How I Set Up My Display and Controllers (2019 Walkthrough)

By Kari / January 23, 2020

For the 2019 Christmas light display, I was really excited to try some different approaches and really expand my display.

In this video and post, I am going to walk through the set up I used for the display and hopefully this will be able to provide some inspiration on how you want to do the layout, wiring, and working with data.

Attic Power Supply

At the front of the house, access to the attic is mostly centered so that’s where I decided to put some controller setups.

How I Set Up My Display and Controllers

Using a CG15 Box made by Cablebox, is a weatherproof. I wanted to use weatherproof just in case there was any water that may have gotten into the attic.

The box stored the Rasberry Pi which is running the light show for the house. Honestly, I am torn on using Rasberry Pi for my lights because personally my preference is working with a desktop instead and setting up my lights with a program such as XSchedule or Vixen.

Throughout the front of the house, I was able to set up some permanent outdoor lights that I will be able to leave up all year. You can read more on how to do this, on my article about Permanent Outdoor Christmas Lights.

I set up a 4 output controller by Advatek and this controls my roof lights as well as outputs the DMX for the icicles.

Garage Posts

For the garage posts, I decided to use Boscoyo Studio Strips and all you need is a nail or a hook to stretch the strips into place. I used these at the entrance of the garage space.

Boscoyo Strips

What I do like about these strips is that they are very easy to use and holds the tension really well so there’s not as much movement.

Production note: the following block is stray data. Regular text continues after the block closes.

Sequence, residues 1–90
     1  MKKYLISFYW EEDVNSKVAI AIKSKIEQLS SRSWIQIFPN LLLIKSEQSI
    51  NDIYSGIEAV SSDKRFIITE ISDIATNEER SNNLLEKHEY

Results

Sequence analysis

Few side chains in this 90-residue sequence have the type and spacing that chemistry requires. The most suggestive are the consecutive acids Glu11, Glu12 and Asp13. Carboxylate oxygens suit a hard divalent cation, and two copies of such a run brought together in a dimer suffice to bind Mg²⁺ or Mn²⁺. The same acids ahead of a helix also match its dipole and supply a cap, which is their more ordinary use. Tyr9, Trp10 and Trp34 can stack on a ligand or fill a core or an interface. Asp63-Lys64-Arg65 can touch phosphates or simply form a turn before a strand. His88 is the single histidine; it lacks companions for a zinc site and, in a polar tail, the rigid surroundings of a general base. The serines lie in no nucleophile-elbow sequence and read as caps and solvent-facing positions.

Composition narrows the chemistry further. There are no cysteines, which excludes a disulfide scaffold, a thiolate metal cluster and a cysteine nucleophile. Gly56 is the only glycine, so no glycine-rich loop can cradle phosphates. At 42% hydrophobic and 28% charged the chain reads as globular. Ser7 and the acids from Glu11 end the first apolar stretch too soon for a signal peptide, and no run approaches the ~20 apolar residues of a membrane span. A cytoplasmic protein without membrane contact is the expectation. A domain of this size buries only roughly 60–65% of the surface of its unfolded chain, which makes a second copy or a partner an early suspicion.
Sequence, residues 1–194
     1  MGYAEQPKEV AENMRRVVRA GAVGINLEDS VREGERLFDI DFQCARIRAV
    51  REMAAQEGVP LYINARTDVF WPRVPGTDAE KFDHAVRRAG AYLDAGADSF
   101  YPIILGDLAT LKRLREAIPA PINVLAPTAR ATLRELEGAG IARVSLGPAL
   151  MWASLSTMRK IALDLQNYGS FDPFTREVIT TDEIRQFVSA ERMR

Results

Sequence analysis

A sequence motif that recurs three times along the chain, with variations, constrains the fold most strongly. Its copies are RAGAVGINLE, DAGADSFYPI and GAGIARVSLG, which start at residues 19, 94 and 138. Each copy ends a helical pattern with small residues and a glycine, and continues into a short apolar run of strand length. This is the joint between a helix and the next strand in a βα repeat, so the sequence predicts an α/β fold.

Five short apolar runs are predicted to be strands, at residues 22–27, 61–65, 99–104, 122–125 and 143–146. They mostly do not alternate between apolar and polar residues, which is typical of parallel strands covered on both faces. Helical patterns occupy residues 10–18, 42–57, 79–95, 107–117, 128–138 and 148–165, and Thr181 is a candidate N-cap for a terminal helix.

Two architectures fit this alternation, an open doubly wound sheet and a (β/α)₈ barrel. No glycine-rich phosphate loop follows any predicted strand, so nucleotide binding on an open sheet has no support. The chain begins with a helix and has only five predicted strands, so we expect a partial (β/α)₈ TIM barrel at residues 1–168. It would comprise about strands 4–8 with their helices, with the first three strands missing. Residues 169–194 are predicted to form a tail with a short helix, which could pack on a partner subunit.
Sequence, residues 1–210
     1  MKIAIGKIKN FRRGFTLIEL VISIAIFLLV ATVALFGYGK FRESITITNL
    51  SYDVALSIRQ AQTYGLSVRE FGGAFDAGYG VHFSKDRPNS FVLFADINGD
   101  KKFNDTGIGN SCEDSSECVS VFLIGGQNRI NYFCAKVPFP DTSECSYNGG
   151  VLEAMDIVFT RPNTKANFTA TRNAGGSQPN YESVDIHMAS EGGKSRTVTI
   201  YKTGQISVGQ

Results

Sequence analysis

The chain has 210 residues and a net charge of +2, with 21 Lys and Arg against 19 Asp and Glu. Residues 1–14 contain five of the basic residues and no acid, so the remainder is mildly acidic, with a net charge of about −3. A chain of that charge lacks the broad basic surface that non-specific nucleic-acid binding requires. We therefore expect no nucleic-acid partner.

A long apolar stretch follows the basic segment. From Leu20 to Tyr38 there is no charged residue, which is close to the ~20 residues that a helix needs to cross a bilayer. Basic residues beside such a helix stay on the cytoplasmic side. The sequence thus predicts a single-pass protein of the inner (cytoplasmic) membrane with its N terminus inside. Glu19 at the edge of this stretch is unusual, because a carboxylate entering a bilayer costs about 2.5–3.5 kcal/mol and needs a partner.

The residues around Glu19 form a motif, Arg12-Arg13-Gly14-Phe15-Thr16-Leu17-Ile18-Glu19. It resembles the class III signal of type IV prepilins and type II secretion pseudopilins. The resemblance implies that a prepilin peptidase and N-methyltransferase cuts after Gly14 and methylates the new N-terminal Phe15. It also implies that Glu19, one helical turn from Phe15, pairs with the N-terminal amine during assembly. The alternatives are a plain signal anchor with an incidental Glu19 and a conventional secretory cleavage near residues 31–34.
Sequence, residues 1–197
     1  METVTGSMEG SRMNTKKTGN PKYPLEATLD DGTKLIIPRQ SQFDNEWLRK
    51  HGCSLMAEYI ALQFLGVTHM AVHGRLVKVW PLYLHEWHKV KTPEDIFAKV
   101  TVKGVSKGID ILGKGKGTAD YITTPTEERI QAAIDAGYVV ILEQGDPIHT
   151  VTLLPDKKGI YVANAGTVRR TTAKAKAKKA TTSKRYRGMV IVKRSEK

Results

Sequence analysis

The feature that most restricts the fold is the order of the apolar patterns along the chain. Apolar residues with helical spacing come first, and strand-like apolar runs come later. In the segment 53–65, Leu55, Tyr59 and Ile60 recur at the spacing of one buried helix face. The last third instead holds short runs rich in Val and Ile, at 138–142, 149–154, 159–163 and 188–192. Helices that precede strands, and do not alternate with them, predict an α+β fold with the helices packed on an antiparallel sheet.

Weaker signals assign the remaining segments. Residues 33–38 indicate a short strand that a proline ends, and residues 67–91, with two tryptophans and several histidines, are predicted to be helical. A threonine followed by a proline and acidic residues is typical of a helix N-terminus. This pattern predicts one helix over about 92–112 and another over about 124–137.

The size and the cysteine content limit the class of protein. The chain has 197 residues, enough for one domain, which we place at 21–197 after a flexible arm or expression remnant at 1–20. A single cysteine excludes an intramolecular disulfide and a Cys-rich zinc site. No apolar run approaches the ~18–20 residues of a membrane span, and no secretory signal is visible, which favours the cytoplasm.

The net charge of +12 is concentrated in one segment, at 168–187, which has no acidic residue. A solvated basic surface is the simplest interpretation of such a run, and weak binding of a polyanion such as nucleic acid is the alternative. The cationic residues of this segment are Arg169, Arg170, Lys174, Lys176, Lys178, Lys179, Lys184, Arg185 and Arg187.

On the other side of the garage space, I set up a power connection so that we could keep power cords out of the walkways as much as possible. This just has a simple timer that will turn the lights on and off at a set schedule.

Front of the House

At the front of the house, there is a box set up with a Falcon differential receiver and a power injection board.

This is set up to help control the lights over the garage, a couple of props, the sign in the front, and the left side of the house.

The sign was actually a very easy one to build where I just put together the wooden frame and was able to attach the sign to it. Personally, this approach was better since the sign did light up and passersby were able to see it.

The Porch

The porch definitely has a lot more design and lights on it. For the stairs and the porch poles, I was able to use more Boscoyo Studio Strips.

I was also able to set up more strips of lights, the props, and icicles for the point in the roof for lighting. These lights are controlled by DMX on the Pixlight board.

For the vertical strips, I was able to set these on the outside of the posts and just used a pipe to help hold them together and used the HolidayCoro clips.

Lastly, we have the control command center that mostly took place on the porch. It wasn’t as organized as I would have liked if I spent more time on it but it did work out very well.

On the porch, I have the main Falcon F48 that has a 300-watt power supply, a power distribution board, and a smart receiver all in one box. This all flowed and work really well together in managing all of the lights associated with the front porch.

There was also our tree indoors that I used an ENTTEC controller and power supply that controlled about 100 pixels set up on the tree itself.

An item I used a lot when working with connecting pixels was Scotchlok Connectors. These are so much easier to use and set up instead of sodering.

These Scotchlok connectors could possibly pull apart if they are pulled on hard enough, but I still like them a lot. (Check out my article on Fixing Pixels here!)

So, if you are taking down your lights I would recommend pinching the two connected ires together and then use a zip tie to help hold it together so that the wires don’t separate.

About the author

Kari

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